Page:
NEW ORLEANS, La. — The 2020 Hyundai Venue rounds out the brand’s family of crossover vehicles. The cute ute is the bookend to the three-row Pallisade, introduced last year. It has been developed to appeal to what Hyundai refers to as pre-family buyers — millennials and next-gen consumers.
Don Romano, president and CEO Hyundai Canada, told us here during the launch of the Venue that it would fill a void in the company’s portfolio, appealing to first-time buyers, or those starting their lives and careers “with something suitable to their lifestyles."
Lawrence Hamilton, Hyundai Canada’s director of marketing, said the development of the company’s new entry-level vehicle focussed on meeting the needs of a new generation entering the market. He said 40 per cent of new-vehicle buyers next year will be millennials and urban car buyers.
“They want and need flexible interiors and connectivity,” said Hamilton.
Low price, quality interior
The Venue is based on a shortened version of the same platform used for the Accent, but offers the same ground clearance as the larger Kona. As the least expensive Hyundai, it offers nothing special in terms of suspension or brakes — struts and discs up front and a beam axle and drums at the rear.
The interior belies the low pricing. Fit, finish, material quality, design and standard features are worthy of a much higher price tag. Clever touches and storage spots abound, including a two-level cargo floor. The top trim level comes with BlueLink enabling the driver to access a variety of functions through a smart phone. The big infotainment touch screen is augmented by good old-fashioned knobs for volume and tuning.
The Venue may be small, but it has been given a healthy dose of safety features. The majority of the structure is made from high-strength steel. Hyundai’s SmartSense system provides forward collision avoidance, blind spot collision warning, lane keep assist, high beam assist and rear cross traffic collision warning.
Hyundai says the Venue will offer the most customization in the cute ute segment. There are 23 exterior colours and a number of two-tone paint choices. There are three colour schemes for the interior, including a denim look. Artfully applied contrasting stitching, bright trim and shaded seat surfaces are spread across the trim levels.
With only 121 horses in the corral, power could best be described as adequate. The base model comes with a six-speed manual transmission, the others with a well-programmed continuously variable automatic. I didn’t get to try the manual and suspect very few buyers will go that route. The CVT does a decent job of behaving like a conventional automatic under all but full-throttle conditions, when it sounds like a motorboat or snowmobile.
There are four drive modes to choose from — normal, eco, sports and snow. Eco blunts engine and transmission response. There is little discernible difference between the normal and sport, beyond delayed upshifts. Hyundai says there are no plans for an all-wheel-drive version. It insists that the “snow” mode’s ability to control engine, brake and pedal mapping and use of torque vectoring, makes the Venue more than capable of handling deep or hard packed snow and slippery surfaces.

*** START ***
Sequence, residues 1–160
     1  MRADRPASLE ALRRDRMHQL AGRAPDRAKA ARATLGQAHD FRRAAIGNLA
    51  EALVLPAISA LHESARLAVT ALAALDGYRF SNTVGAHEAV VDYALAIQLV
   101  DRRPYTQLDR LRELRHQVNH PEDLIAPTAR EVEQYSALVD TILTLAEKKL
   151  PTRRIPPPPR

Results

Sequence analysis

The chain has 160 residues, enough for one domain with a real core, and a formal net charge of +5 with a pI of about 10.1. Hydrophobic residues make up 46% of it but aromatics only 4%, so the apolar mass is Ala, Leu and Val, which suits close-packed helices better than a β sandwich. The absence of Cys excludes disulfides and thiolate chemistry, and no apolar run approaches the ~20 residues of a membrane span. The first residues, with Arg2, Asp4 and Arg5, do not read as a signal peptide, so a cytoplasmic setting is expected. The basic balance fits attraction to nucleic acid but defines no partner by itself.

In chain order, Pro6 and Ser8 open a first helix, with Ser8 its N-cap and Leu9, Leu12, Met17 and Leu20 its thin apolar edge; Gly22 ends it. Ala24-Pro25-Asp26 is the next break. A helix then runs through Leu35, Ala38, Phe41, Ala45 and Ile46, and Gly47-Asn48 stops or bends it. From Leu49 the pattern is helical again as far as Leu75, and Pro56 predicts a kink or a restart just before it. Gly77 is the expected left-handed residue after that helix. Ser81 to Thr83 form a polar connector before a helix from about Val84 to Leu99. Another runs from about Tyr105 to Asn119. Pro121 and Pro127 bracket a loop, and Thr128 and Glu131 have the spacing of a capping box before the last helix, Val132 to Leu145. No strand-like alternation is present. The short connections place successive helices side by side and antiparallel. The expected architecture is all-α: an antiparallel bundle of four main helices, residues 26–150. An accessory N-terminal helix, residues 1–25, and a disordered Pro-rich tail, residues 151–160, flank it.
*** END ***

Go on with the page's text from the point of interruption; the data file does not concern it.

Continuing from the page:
Tight turning ideal for urban life
Designed specifically for urban living, the Venue’s small size, short turning circle and light weight combine to serve that purpose very well. It scoots away from lights with ease, slots into small parking spots and offers decent room for four adults and a good amount of stuff in back.
The Venue will come in four trim levels: In typical Hyundai fashion, the smallest of Hyundai’s five crossovers will be feature-laden and value-priced. The “Essential” version of the city-friendly ute starts at $17,100, ($18,400 with automatic transmission and cruise control). Standard equipment includes heated mirrors and front seats, air conditioning, a 20-cm infotainment screen with both Apple CarPlay and Android Auto compatibility, rear-view camera and remote keyless entry.
The Preferred trim, the one Hyundai expects the majority of buyers to choose, comes in at $21,500 and includes the automatic and cruise control plus push-button start, heated leather steering wheel, blind-spot collision warning with rear cross traffic alert, front collision avoidance with pedestrian detection, lane keep assist, automatic high beams, driver attention warning, roof rails and 15-inch alloy wheels.
At $22,600 the Trend adds 17-inch alloy wheels, power sunroof, dual USB charge outlets and six-speaker audio system. An extra $1,500 brings LED head and taillights, a two-tone exterior paint and a premium cloth interior, but dumps the sunroof. The top trim level is aptly named Ultimate. At $24,900, it adds navigation, wireless connectivity, satellite radio and automatic climate control.
Model: 2020 Hyundai Venue Ultimate
Engine: 1.6-litre, four-cylinder, 121-horsepower, 113 lb.-ft. of torque, regular fuel
Transmission: six-speed manual or continuously variable automatic
NRCan rating (litres/100km city/highway): 8 / 7
Length: 4,040 mm
Width: 1,770 mm
Wheelbase: 2,520 mm
Weight: 1,251 kg
Price: $17,099 base, $24,899 as tested, plus freight
Competition: Mazda CX-3, Ford EcoSport, Kia Soul, Nissan Kicks
Options on test vehicle: None